The Finnish Natural Heritage Foundation has recently purchased two forest properties, consisting of 16 hectares of old forest, in South Karelia with the aim of turning them into conservation areas. Veitsalmi, the first of the two properties, comprises approximately four hectares, is located in Luumäki, and borders on the shores of lake Kivijärvi. This herb-rich forest by the lake shore is almost completely dominated by birch and aspen, and golden orioles have been spotted in the area.
“This herb-rich forest with its aging broadleaf trees also has potential to become a treasure trove for the white-backed woodpecker and other woodpeckers,” states Anneli Jussila, Conservation Director at the Finnish Natural Heritage Foundation.
Veitsalmi will become a memorial forest in honour of Professor of Photography Merja Salo (1953–2018). Merja Salo launched the memorial fundraiser after she found out about her serious illness, and donated tens of thousands of euros to make up the fund’s initial capital.
After purchasing Veitsalmi, the Foundation purchased Hyyriänmäki on the shores of lake Aitjärvi in Ylämaa in Lappeenranta, which includes a small farm by the name of Haukkalehto. These two properties in Ylämaa contain 12 hectares of varied South Karelian forest nature.
“Hyyriänmäki contains some very valuable peaty forest with lots of decayed wood where endangered birds in the tit family and traces of the three-toed woodpecker have been spotted. The lynx also enjoys this landscape with its differences in altitude. A particularly beautiful stream, which increases the biodiversity of the area, also twists its way through Hyyriänmäki and flows into lake Aitjärvi,” Anneli Jussila describes.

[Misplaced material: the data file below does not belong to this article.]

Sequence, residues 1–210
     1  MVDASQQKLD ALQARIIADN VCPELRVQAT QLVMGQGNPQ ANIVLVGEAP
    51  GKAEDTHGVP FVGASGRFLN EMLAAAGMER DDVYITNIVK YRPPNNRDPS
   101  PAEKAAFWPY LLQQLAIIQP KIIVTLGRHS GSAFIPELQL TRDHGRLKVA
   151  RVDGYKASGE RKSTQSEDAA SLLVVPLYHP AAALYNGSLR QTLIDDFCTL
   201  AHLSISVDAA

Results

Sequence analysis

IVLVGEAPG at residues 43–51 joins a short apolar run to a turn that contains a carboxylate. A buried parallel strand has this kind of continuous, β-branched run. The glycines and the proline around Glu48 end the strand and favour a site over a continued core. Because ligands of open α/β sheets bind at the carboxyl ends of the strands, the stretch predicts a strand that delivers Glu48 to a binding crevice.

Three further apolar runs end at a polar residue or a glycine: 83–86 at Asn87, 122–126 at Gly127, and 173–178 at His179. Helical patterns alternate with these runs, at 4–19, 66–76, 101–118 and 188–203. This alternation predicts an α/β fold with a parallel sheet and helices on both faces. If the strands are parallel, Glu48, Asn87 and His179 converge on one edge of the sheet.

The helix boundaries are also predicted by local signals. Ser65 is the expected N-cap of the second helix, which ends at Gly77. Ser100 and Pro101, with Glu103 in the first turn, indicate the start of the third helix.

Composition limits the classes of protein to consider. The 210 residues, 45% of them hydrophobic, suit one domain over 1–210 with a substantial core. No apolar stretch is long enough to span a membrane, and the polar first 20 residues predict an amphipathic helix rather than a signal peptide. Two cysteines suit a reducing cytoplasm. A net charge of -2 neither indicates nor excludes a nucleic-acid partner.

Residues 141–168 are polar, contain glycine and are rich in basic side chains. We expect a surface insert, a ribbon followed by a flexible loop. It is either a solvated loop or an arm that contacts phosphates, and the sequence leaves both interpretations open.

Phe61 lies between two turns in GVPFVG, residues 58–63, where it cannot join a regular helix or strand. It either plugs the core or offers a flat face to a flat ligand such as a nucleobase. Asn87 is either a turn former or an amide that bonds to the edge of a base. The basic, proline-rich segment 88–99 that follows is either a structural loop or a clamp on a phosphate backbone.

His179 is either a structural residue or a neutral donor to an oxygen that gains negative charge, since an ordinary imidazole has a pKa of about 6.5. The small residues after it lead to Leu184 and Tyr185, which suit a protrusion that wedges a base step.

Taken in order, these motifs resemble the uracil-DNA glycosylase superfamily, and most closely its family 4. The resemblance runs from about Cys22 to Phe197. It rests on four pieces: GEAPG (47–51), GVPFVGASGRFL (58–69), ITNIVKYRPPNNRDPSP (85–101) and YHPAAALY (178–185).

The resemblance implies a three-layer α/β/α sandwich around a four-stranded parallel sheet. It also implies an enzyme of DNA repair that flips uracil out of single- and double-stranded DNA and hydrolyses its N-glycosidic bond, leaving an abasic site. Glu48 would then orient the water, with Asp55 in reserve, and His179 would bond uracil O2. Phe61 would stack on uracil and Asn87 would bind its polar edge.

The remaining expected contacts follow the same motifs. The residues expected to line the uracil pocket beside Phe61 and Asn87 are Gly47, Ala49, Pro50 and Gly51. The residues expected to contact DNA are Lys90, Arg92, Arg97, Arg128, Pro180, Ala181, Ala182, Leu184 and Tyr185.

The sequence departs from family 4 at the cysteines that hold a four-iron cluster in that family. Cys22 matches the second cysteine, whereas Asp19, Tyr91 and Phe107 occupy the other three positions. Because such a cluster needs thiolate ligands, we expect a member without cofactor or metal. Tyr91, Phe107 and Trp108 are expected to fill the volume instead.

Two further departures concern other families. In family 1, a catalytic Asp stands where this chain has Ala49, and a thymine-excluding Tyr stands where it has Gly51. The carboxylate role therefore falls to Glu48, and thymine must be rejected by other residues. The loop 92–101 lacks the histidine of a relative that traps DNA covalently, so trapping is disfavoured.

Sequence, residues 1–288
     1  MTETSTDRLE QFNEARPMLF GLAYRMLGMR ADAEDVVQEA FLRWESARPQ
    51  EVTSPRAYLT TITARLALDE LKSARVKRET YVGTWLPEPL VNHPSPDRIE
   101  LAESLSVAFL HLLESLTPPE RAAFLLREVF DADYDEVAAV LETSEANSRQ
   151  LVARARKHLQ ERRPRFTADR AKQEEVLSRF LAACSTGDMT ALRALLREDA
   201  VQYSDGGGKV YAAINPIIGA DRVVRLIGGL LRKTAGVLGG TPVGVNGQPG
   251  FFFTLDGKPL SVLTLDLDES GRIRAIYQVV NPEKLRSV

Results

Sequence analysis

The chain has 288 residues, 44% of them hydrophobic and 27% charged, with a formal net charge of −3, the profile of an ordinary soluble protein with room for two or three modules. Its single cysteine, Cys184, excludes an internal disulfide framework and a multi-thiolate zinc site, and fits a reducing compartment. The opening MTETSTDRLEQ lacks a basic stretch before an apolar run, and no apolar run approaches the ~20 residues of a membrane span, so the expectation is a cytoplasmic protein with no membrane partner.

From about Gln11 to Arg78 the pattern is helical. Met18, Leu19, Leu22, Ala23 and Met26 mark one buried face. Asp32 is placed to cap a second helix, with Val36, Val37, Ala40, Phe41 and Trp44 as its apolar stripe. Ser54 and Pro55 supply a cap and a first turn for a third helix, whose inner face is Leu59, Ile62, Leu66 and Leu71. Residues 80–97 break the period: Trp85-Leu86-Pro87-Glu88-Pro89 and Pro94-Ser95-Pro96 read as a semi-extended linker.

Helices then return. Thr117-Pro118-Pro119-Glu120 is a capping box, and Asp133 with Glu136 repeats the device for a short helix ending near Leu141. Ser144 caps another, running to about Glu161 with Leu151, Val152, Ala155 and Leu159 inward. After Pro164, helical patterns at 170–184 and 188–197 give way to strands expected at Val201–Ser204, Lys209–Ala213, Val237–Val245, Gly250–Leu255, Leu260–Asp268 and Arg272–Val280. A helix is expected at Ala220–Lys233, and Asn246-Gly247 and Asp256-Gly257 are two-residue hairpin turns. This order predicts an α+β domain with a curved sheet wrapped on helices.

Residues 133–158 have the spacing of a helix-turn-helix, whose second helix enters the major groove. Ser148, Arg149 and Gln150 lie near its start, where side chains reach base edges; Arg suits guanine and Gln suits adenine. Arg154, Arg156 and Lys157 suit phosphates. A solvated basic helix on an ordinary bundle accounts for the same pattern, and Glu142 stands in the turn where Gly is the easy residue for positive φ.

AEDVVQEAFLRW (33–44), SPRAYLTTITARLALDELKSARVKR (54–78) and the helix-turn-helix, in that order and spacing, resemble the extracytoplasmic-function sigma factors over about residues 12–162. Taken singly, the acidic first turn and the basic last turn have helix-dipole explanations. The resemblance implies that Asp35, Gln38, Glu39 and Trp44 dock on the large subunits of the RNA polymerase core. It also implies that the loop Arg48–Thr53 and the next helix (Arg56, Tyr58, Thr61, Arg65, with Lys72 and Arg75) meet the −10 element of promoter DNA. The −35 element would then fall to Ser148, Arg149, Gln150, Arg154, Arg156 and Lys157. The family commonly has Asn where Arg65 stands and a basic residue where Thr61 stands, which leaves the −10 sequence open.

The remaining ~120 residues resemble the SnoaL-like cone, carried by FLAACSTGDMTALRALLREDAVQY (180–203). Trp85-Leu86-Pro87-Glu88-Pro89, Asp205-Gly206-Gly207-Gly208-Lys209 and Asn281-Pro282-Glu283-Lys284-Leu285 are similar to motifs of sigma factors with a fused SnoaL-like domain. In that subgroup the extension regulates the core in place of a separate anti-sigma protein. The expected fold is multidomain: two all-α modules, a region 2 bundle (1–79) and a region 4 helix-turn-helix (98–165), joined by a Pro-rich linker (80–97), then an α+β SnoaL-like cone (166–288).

Haukkalehto, which lies alongside Hyyriänmäki, will become Merja Salo’s memorial grove. The purchase of Hyyriänmäki and Haukkalehto was funded partially with the remaining funds from Merja Salo’s fundraiser, and mostly with funds from the Finnish Natural Heritage Foundation’s fundraising campaign Turvapaikkoja metsälinnuille Etelä-Karjalaan (A Sanctuary for Forest Birds in South Karelia). So far, the campaign has raised approximately 105,000 euros.
“These new conservation areas are excellent examples of how ear-marked fundraisers can help the Finnish Natural Heritage Foundation to quickly and efficiently protect old and diverse forest nature, which is constantly becoming rarer,” Anneli Jussila states.
(Photo: Juha Juuti)